|School Board Candidate's
'Scientology' Business Tactics
Once Profiled in WSJ
|Wall Street Journal
Excerpts from WSJ Investigative Report (click
here to read article)
Scientology Methods At Allstate
"After taking the classes, territorial-sales
manager Jeffrey Swanty talked
constantly about management by
statistics, says David Richardson, the
former Allstate manager who attended
the course with him. To apply the ideas,
Mr. Richardson says, Mr. Swanty
developed a system under which the
worst-performing agent and the
worst-performing manager in his
territory would be required to reach a
series of daily, weekly and monthly
goals. Frequently, Mr. Richardson says,
the goals were unreachable, requiring
that business be doubled or tripled
within a short period.
"It allowed management by intimidation.
It was vindictive -- a way to try to
remove people," Mr. Richardson says.
"We would harass agents" by calling
them constantly and visiting them
repeatedly. (Mr. Richardson had his own
run-ins with Mr. Swanty and was
reprimanded at least once.)
One incident that employees still talk
about involved William Wesler, a
35-year-old Phoenix manager, who was
suffering from lymphatic cancer in 1990.
Everyone in the office knew about Mr.
Wesler's condition and his efforts to
reduce stress as part of his treatment,
Mr. Richardson says. Nonetheless, a
month after taking the Hubbard training
course in July, Mr. Swanty placed Mr.
Wesler on a rigorous program to
improve his performance.
The Hubbard course materials
During the following 120 days, Mr.
Wesler was supposed to double his
district's sales, hire at least one female
and one minority agent, attend
public-speaking classes and enroll in a
college course on interpersonal skills,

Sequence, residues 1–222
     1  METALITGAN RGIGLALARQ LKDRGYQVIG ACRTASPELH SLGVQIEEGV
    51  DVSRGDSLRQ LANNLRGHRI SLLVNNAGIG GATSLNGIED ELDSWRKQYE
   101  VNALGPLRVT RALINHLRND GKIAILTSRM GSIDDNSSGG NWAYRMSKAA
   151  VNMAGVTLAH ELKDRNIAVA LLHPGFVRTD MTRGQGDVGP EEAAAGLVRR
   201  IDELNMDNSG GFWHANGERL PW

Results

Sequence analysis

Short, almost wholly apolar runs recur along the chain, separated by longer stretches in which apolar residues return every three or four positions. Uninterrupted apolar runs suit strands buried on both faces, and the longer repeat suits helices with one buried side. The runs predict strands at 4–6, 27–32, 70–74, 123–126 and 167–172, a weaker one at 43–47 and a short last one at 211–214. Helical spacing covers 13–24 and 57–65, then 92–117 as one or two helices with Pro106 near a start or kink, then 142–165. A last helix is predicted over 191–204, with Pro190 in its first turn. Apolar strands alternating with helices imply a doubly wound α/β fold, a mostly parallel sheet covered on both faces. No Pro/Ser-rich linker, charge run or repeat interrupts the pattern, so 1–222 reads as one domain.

his August 1990 job evaluation states.
He also had to meet with Mr. Swanty
every other week to receive an
evaluation of his progress.
"It was a workload for three people,"
says Mr. Wesler's widow, Sherry Scott.
She says her husband completed most
of the work but quit in October 1990. He
died in May 1992. "When I saw Jeff
Swanty at the funeral, I turned and
walked away," says Greg Peterson, who
had worked for Mr. Wesler and says he
watched Mr. Swanty's behavior change
after the management classes. "I feel his
actions worsened Bill Wesler's health,"
Mr. Swanty acknowledges that he was
impressed with the Hubbard course
materials but says he didn't implement
much of the program because he feared
it would create too much paperwork. He
says he didn't know at the time that Mr.
Hubbard was connected to Scientology.
He knew Mr. Wesler was ill, Mr. Swanty
adds, but denies he treated him unfairly
in light of his declining performance.
"We treat people with dignity," says
Edward Moran, an in-house Allstate
lawyer who also denies that Mr. Swanty
was unfair. He says Mr. Wesler was
having serious problems with managing
and communicating with agents for
some time before he received his
negative evaluation in August 1990. In
addition, Mr. Moran says, Mr. Swanty
began drafting the evaluation in June,
before he took the Hubbard lessons.
However, the performance review is
dated Aug. 14.
Across the country, a number of agents
were making complaints similar to those
voiced in Arizona. Lawsuits and Equal
Employment Opportunity Commission
complaints were proliferating; more
than two dozen have alleged fraud,
harassment or discrimination by
Allstate, often in connection with
wrongful-discharge cases. One manager
joked about forcing so many to quit that
they would have to bring in "body bags"
to cart them away, while others
described agents with low productivity
as below the "scum line," workers said
in pretrial statements related to these
|School Board candidate Jeffrey Swanty
with Loveland Mayor Cecil Gutierrez